Melding national, religious identity key for Muslims
August 31, 2007
By Tara Malone
Beefed-up airport screens target anyone with a head covering -- cowboy hats, turbans, hijabs and all.
A Chicago-bound flight is grounded because six men speaking Arabic concerned a passenger.
Such realities confront more than 400,000 Muslim-Americans in the Chicago region alone who struggle to meld their faith and nationality. They are among more than 6 million and growing Muslims nationwide
"They are as much a part of this country as everyone else," Parvez Ahmed, national chairman of the Council on American-Islamic Relations, said during an interview Thursday with the Daily Herald editorial board.
Ahmed's visit came on the eve of the nation's largest Muslim conference, planned for this weekend in Rosemont.
The Islamic Society of North America will draw an estimated 30,000 people to consider everything from medical aspects of fasting during Ramadan next month to political campaigning and community involvement.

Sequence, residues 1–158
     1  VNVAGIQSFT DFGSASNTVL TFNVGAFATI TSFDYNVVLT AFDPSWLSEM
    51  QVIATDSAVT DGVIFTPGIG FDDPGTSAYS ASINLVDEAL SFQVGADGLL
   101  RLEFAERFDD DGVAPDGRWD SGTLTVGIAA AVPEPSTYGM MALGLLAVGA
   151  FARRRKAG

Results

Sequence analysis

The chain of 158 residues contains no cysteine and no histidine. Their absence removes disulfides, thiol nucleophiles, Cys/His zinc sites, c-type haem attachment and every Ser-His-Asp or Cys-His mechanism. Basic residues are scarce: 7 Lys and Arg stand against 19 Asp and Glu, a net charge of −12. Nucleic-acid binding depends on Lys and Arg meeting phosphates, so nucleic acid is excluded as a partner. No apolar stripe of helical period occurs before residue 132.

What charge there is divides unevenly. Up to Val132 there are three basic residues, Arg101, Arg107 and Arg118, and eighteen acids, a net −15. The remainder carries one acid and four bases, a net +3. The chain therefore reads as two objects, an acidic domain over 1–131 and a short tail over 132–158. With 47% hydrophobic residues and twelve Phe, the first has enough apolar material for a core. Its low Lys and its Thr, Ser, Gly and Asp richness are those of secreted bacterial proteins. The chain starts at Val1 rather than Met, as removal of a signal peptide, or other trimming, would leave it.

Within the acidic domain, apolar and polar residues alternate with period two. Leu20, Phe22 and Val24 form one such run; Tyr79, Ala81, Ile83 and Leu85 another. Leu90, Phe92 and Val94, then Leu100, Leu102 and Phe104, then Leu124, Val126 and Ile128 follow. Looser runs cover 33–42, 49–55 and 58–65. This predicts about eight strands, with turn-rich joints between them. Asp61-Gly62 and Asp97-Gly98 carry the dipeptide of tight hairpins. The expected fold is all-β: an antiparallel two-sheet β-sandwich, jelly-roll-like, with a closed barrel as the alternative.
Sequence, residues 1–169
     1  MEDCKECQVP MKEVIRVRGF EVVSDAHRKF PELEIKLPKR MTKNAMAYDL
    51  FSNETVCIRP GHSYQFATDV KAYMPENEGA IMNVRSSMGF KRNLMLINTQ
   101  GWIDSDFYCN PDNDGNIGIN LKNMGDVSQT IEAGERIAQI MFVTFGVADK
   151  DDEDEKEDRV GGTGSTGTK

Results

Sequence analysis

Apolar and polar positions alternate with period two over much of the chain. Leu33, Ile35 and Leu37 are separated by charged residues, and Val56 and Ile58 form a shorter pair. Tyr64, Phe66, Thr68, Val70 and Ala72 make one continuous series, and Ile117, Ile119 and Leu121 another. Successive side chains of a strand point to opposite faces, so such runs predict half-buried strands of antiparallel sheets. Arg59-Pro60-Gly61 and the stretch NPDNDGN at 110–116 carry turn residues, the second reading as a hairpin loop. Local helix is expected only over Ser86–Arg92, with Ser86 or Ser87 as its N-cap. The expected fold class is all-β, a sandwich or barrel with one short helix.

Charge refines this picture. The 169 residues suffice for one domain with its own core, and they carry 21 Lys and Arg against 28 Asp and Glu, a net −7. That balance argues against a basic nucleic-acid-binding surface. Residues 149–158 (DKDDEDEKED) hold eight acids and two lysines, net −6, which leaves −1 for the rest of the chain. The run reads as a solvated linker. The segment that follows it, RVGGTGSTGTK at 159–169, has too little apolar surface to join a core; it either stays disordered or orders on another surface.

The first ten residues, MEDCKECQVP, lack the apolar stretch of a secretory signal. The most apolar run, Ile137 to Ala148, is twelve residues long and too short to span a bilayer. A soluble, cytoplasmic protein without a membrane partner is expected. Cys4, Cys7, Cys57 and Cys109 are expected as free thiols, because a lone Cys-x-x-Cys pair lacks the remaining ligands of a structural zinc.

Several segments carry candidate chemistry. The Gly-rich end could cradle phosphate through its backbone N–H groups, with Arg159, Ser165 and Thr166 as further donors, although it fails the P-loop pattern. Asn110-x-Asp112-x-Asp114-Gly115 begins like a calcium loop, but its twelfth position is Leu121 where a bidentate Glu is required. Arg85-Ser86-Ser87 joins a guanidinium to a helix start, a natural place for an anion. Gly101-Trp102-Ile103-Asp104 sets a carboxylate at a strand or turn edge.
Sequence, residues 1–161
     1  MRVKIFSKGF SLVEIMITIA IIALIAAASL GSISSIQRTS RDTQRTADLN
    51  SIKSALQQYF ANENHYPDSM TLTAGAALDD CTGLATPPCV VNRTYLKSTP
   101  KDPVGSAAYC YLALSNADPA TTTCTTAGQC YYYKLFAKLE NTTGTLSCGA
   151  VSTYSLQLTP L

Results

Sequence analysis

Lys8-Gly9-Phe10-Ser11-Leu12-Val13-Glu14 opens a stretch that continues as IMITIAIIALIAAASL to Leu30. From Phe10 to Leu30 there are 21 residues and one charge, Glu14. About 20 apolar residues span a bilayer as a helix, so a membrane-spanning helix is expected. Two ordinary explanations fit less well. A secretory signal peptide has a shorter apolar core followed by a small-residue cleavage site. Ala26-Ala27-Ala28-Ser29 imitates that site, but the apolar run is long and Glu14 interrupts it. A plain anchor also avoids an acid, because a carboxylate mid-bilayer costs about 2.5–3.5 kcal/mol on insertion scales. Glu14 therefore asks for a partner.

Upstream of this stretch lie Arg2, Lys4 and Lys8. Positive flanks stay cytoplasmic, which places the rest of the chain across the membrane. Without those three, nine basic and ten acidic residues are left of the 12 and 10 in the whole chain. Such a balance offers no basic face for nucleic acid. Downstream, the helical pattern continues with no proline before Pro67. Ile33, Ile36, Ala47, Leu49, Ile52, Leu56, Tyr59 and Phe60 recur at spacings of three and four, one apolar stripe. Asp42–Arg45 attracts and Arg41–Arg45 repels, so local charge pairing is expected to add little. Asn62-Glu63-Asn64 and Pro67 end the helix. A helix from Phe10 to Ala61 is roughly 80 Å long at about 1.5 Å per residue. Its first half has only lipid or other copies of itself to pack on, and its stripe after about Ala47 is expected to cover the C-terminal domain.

The conversation comes at a critical time, organizers say.
"America is your flag. Islam is your religion. You can grow into both," said Ahmed Rehab, a Park Ridge native who heads CAIR's Chicago office.
The latest growing pain came this week.
An American Airlines flight bound for O'Hare International Airport was grounded in San Diego on Tuesday when a passenger heard six men speaking Arabic and acting oddly. Transportation Security Administration officials said the airplane returned to the gate because of "suspicious activity." The incident resulted in no arrests.
Rehab calls the event a milestone.
"We are deplaning people for who they are, not what they do," Rehab said.
The confusion augments concern within the Muslim-American community.
Many Muslims and Sikhs balk at airport security measures enacted this month that mandate heightened scrutiny for anyone donning a hat of some kind. Within the Muslim and Sikh communities, head coverings are a religious observance.
TSA officials reject any suggestion of racial profiling. They say new guidelines target clothing that might hide an explosive device, be it a habit or a hijab, the headscarf often worn by Muslim women.
"We have to realize this is an issue that is important for all Americans," Ahmed said, "not just Muslim-Americans."
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